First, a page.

• Creator
  • #25690

    Do you all think there is any sense in using the Annual Training Plan functionality in Training Peaks when also using an Uphill Athlete training program? I was in the middle of self-programming using the ATP when I launched into the Intro to Ultras training plan after a transition period in my ATP. This has thrown me off my CTL goals for my events later in the year. However, the ultras training plan is definitely helping me reach my fitness goals. And, before long, I think the UA plan will get me back into the CTL range I had been shooting for. But it’s also conceivable that if my ATP called for more TSS in a week that the UA plan achieved, I could add crosstraining activities outside of my UA training plan to maintain a higher overall ramp rate. But with the ATP recovery weeks totally out of sync with the UA recovery weeks, the whole thing is a mess.

    I think at this point I’m just going to ignore the ATP through the end of this training plan, but I’d love to hear if others have pondered this and what solutions you might have come up with. Surely there is some way to sync up ATP and training plans, since these are both core TP functions. Adding projected TSS to workouts each week isn’t too hard, but beyond that I’m at a loss how to leverage these two tools at once. Thanks!

  • Inactive
    Anonymous on #25715


    I never use the ATP feature on TP. I’ve tried it with many pro athletes before rejecting it. It’s a nice idea and would be lovely if we were machines and you as a coach had perfect knowledge and foresight. Unfortunately the mechanistic approach can lead one to believe that you can actually make that sort of futuristic predictions with the dire consequence of becoming a slave to the plan.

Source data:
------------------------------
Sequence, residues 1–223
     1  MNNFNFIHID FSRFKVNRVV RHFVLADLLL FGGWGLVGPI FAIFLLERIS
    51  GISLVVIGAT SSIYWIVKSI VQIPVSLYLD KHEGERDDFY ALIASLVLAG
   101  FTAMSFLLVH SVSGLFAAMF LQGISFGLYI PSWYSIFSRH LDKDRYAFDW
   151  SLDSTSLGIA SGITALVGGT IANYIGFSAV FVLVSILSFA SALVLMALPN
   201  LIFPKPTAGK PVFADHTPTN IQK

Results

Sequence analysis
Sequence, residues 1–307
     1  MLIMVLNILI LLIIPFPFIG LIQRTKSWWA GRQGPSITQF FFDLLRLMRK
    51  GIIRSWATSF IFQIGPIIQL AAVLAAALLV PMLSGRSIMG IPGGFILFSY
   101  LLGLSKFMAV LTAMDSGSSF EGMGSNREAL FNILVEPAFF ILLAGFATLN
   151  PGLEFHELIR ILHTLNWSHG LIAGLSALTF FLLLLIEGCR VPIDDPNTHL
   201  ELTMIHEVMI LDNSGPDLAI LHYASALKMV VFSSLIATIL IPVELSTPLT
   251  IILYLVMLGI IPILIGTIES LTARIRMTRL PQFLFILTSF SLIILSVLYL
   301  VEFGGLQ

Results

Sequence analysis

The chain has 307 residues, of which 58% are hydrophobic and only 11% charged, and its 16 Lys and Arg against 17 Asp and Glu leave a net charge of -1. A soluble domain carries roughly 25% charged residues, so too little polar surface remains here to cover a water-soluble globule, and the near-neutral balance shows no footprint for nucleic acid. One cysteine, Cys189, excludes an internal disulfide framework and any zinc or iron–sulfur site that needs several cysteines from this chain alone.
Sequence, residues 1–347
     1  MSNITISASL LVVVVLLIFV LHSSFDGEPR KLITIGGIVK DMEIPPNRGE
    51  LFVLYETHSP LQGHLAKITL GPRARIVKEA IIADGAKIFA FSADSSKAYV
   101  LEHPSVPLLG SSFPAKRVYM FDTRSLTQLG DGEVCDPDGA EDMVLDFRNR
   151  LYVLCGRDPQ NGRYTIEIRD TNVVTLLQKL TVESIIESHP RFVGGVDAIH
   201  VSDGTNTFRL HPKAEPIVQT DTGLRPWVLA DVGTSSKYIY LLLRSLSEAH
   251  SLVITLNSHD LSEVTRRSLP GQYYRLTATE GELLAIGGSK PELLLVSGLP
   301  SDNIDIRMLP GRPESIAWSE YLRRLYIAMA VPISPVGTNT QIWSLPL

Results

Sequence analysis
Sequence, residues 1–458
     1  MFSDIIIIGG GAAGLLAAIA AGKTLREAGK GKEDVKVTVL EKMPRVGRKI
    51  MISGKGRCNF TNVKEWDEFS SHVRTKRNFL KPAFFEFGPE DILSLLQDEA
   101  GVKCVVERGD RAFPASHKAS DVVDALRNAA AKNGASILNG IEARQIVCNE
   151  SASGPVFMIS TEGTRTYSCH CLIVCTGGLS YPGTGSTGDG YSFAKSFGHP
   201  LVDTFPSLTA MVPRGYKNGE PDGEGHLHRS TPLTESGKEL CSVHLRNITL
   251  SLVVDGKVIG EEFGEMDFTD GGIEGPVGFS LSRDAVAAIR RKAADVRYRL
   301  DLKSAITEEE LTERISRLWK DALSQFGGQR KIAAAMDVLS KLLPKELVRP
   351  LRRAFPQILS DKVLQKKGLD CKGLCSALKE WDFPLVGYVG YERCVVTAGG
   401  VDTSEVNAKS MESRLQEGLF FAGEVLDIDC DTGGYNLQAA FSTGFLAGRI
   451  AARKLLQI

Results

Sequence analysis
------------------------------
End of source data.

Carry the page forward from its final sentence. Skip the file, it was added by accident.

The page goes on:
Our training plans are laid out on shorter lengths for a reason. It is already a bit if stretch for us to program in detail what you will be doing on a given day 6, 10 or 16 weeks from today except in the most general manner. This is why we spend so much ink on explaining how to monitor your training, when to rest and how dangerous it can be to be locked into a rigid structure that seemed like a great idea when you wrote 4 months ago but now is leading you over a cliff. Injury, illness, work and general life stress and unexpected fatigue are all very real and crucial factors that need to be accounted AND accommodated for if you hope to get your best results. This accommodation has to happen in real time, right now. Every day you need to make an assessment of your preparedness to execute the days training effectively.

    Even with my coached professionals, even if I am seeing and watching their training every day I find that I am adjusting their training (usually down grading a workout to recovery effort) based on that preparedness around 10% of the time. Just this morning I was out with one of XC skiers for what was supposed to be an Z4 interval session. During the warm up she realized her legs were not ready and that the workout would be compromised. The workout immediately became a 45 min recovery run. Even yesterday she was feeling like she was going to be ready for this important workout. Life and training is like that.

    So, do not lock yourself into a strict ATP. Even our stock plans need to be adjusted. I just think it is waste of effort to get down in the weeds about how many hours you will be doing 30 weeks from now. Better to spend that effort monitoring your training while keeping the big picture of how you want the progression to flow.


    OwenFW on #25760

    Thank you so much for your excellent response, Scott.

    I was going to follow up by asking how you shift weeks of a plan forward if an athlete needs additional rest, but then I looked closer at the calendar interface and answered my own question!

Viewing 2 replies - 1 through 2 (of 2 total)
  • You must be logged in to reply to this topic.